Treatment groups included placebo, ST-246 400 mg, and ST-246 600 mg. The intent-to-treat (ITT) population consisted of all subjects who were randomly assigned to treatment, the safety population consisted of all subjects who received study medication, and the PK population consisted of all subjects who received at least 1 dose of ST-246 and had sufficient ST-246 concentration in plasma data for PK analysis. All statistical analyses were performed using the software program SAS, version 9.2 (SAS, Cary, NC).

The safety population was used for all safety and tolerability data summaries. Adverse events were coded by using the Medical Dictionary for Regulatory Activities. The frequency of treatment-emergent adverse events (TEAEs) was calculated for each system organ class (SOC) by preferred term and by treatment for the number of subjects reporting the event. The overall AE rate was compared between treatment groups by using the appropriate statistical test, accounting for age (18 to 45 and 46 to 75 years). The number and percentage of participants experiencing each specific adverse event was tabulated by severity and relationship to treatment.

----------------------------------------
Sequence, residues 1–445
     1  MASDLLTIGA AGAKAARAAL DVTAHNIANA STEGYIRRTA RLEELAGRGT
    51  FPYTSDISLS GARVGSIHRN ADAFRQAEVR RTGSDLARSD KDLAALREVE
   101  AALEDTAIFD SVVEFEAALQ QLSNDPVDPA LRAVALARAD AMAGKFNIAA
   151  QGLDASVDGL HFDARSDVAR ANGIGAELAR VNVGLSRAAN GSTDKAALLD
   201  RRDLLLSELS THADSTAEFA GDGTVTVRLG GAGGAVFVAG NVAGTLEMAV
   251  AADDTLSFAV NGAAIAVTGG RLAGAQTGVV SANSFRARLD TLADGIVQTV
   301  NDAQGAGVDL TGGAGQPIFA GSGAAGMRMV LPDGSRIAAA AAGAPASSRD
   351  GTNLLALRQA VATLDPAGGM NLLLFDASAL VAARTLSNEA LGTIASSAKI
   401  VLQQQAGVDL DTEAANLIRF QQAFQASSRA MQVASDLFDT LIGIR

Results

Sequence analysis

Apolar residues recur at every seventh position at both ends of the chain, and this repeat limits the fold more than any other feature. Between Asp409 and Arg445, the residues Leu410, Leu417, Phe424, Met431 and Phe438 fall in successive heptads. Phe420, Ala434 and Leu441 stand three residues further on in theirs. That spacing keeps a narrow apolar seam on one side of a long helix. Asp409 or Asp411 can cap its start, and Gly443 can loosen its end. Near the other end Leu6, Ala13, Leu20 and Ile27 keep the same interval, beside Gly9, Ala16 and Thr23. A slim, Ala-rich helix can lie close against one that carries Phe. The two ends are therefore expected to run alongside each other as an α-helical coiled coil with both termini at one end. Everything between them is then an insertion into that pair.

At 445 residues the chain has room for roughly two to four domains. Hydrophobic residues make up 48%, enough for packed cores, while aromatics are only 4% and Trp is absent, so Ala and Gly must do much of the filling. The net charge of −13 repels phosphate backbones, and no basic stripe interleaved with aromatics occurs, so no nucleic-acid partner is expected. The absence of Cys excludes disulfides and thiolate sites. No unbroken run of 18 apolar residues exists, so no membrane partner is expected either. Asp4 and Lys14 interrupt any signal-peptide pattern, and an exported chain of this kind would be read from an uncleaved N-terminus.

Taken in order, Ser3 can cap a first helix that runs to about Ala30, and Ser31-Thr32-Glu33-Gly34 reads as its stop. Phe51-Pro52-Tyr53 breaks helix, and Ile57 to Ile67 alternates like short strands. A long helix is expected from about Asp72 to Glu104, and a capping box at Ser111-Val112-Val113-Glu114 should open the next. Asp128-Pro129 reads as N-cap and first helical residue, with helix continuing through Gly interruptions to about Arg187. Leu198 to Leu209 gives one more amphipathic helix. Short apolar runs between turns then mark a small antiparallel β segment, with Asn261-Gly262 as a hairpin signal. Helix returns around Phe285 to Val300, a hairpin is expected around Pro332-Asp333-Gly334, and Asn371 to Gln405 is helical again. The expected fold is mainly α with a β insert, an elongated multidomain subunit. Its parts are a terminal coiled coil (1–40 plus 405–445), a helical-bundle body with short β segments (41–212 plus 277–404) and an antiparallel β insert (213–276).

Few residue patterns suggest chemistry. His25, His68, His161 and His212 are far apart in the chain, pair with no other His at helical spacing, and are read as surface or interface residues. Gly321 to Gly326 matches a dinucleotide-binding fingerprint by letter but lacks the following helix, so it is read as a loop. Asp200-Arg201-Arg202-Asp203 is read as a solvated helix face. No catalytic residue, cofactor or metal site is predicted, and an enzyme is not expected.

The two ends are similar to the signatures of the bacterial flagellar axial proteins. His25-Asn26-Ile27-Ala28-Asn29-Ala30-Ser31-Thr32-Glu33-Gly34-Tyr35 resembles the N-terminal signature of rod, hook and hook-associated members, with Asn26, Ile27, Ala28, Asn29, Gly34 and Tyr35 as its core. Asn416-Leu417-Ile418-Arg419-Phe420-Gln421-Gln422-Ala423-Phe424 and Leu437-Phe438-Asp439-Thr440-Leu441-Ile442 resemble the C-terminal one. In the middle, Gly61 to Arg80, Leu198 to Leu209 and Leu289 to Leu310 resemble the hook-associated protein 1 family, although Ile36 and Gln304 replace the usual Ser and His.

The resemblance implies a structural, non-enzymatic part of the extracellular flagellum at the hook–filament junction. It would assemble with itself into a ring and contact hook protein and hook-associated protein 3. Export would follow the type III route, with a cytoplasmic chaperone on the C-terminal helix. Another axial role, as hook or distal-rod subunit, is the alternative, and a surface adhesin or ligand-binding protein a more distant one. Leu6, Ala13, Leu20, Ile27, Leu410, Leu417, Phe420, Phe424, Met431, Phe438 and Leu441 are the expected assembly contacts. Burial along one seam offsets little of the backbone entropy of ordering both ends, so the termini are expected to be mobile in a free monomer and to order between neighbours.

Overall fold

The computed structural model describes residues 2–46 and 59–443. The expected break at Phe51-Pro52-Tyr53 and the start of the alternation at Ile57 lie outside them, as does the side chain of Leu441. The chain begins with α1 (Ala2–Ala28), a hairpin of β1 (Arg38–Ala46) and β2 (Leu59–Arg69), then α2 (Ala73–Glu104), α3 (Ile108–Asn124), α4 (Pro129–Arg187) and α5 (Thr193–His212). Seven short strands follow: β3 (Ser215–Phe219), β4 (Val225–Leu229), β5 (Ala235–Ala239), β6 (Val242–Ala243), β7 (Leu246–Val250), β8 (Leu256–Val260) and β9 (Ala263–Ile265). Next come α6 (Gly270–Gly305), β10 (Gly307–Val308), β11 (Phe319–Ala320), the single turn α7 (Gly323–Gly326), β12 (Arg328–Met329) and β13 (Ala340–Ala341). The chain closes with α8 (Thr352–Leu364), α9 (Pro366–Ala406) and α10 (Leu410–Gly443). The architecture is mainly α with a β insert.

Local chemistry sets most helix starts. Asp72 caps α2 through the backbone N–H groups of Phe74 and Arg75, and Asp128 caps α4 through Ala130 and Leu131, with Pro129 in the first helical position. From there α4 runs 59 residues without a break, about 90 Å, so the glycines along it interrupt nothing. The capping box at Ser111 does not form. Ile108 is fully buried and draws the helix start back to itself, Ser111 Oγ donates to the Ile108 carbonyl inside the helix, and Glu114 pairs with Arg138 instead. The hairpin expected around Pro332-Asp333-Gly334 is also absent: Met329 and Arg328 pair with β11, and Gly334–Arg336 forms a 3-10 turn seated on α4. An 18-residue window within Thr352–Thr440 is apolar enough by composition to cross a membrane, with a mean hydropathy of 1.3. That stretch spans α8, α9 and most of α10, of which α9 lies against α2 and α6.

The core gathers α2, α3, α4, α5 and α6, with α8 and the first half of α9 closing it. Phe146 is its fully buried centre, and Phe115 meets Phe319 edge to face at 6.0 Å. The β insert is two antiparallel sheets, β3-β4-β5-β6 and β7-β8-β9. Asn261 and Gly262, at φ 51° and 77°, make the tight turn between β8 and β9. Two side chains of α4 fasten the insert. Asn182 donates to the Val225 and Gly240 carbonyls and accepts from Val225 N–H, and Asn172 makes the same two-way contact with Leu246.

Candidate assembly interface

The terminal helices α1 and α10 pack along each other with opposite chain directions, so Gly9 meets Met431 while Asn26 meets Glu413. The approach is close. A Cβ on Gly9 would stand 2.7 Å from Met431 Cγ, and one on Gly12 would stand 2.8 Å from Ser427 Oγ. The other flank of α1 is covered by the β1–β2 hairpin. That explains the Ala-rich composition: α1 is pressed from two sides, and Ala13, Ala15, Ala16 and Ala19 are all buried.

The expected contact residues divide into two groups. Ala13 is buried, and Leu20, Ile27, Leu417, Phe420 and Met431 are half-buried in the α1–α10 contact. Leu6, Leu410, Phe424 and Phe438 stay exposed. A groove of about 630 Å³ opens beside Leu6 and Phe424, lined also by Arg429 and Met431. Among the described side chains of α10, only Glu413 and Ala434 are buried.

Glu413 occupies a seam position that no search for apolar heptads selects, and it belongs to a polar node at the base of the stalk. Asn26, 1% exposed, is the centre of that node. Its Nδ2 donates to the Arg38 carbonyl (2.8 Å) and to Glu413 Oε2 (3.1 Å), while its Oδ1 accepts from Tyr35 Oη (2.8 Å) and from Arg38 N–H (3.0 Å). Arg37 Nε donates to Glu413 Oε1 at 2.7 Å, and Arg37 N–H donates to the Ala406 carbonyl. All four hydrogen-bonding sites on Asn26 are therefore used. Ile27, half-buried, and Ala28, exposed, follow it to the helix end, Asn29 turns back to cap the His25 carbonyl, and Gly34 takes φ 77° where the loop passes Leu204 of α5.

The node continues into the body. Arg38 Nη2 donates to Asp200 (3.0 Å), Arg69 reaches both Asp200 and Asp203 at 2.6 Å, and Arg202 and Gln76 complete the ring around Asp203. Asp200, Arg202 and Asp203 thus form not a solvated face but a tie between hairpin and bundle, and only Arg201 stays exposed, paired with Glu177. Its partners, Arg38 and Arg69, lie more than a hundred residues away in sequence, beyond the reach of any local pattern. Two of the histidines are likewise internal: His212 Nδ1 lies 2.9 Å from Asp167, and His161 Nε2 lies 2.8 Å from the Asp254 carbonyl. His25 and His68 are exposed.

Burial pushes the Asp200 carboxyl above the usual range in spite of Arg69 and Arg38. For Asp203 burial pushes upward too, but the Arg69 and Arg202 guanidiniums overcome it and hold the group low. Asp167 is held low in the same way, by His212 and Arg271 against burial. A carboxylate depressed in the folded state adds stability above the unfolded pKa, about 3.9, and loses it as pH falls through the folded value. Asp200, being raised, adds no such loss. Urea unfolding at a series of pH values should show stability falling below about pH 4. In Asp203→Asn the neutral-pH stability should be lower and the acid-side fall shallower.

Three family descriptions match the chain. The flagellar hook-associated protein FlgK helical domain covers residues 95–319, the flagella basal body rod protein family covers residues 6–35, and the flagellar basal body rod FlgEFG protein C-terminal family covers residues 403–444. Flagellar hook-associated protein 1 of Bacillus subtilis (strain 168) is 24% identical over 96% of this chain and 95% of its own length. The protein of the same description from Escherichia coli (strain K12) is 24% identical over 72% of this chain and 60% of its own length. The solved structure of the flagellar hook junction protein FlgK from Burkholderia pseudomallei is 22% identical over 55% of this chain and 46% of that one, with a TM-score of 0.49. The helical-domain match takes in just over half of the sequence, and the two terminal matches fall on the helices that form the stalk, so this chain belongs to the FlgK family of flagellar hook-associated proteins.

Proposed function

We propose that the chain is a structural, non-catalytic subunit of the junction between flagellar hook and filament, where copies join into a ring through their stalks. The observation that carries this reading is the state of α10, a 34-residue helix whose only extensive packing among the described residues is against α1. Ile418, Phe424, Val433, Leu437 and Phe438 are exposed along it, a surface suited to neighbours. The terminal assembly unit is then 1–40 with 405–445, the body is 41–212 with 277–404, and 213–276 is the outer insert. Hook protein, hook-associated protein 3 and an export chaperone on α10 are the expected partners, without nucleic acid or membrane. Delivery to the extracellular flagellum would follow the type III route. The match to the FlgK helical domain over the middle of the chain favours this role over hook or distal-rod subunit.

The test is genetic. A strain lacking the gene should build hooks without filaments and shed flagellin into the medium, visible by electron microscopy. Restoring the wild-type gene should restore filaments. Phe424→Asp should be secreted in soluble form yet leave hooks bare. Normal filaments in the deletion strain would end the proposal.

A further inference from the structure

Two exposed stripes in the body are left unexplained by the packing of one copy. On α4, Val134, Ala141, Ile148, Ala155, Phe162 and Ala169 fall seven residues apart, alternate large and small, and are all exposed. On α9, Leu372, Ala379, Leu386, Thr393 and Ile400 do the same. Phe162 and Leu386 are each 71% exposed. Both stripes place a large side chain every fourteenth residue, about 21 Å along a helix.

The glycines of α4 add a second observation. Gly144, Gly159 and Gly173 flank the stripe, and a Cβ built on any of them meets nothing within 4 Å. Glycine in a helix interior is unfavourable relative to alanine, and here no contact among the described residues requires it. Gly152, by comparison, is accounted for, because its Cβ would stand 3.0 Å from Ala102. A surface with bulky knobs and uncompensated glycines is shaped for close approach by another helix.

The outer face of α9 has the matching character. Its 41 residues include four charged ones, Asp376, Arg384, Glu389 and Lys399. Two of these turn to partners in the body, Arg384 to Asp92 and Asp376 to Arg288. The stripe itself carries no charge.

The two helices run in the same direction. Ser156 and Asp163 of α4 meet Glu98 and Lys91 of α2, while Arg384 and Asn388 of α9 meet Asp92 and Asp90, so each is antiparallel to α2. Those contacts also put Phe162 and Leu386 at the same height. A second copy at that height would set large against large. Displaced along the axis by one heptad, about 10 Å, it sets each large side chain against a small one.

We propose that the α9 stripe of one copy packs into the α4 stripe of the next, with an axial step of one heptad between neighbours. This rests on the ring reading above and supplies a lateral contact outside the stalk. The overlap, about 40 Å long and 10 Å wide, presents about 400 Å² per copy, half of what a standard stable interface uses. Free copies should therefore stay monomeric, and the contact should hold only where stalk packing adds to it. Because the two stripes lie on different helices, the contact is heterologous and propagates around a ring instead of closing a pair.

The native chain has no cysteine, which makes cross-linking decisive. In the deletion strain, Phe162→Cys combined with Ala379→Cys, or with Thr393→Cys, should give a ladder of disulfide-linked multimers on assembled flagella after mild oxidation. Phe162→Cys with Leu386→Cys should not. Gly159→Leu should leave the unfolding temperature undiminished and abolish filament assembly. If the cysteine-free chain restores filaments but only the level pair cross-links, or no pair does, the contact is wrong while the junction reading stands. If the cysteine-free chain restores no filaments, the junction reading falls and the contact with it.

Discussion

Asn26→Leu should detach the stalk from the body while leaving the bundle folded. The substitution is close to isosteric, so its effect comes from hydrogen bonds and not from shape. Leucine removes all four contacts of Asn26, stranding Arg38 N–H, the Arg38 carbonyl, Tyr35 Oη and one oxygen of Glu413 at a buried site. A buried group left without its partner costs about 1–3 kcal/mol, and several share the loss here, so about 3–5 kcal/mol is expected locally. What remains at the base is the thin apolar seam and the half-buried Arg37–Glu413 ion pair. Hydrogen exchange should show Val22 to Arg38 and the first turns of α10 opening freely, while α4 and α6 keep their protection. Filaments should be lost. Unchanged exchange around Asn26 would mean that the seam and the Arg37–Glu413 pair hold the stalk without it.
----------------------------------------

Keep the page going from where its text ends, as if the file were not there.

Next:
The PK population was used for preparation of PK summaries and analysis. The PK parameter values were analyzed by noncompartmental methods using the software program WinNonlin, version 5.0.1 (Pharsight Corporation, Mountain View, CA), and were determined directly from the plasma concentration-time data. Plasma concentrations were summarized by using descriptive statistics for each scheduled time point. A statistical assessment of time of steady-state concentrations was performed using a repeat-measures analysis of variance (ANOVA) and the Helmert transformation.

RESULTS

Demographics.

A total of 107 subjects were enrolled and randomized to one of the following treatments: 16 subjects in the placebo group, 45 subjects in the ST-246 400-mg treatment group, and 46 subjects in the ST-246 600-mg treatment group. The ages of subjects in the study ranged from 18 to 74 years, with a mean (± standard deviation [SD]) age of 42.5 (±15.64) years. Just over half of the subjects were female (54.2%), and the majority of subjects were white (67.3%) and not Hispanic or Latino (80.4%). Body weights for all subjects ranged from 42.7 to 133.0 kg, and the mean (± SD) body weight was 78.01 (±15.262) kg.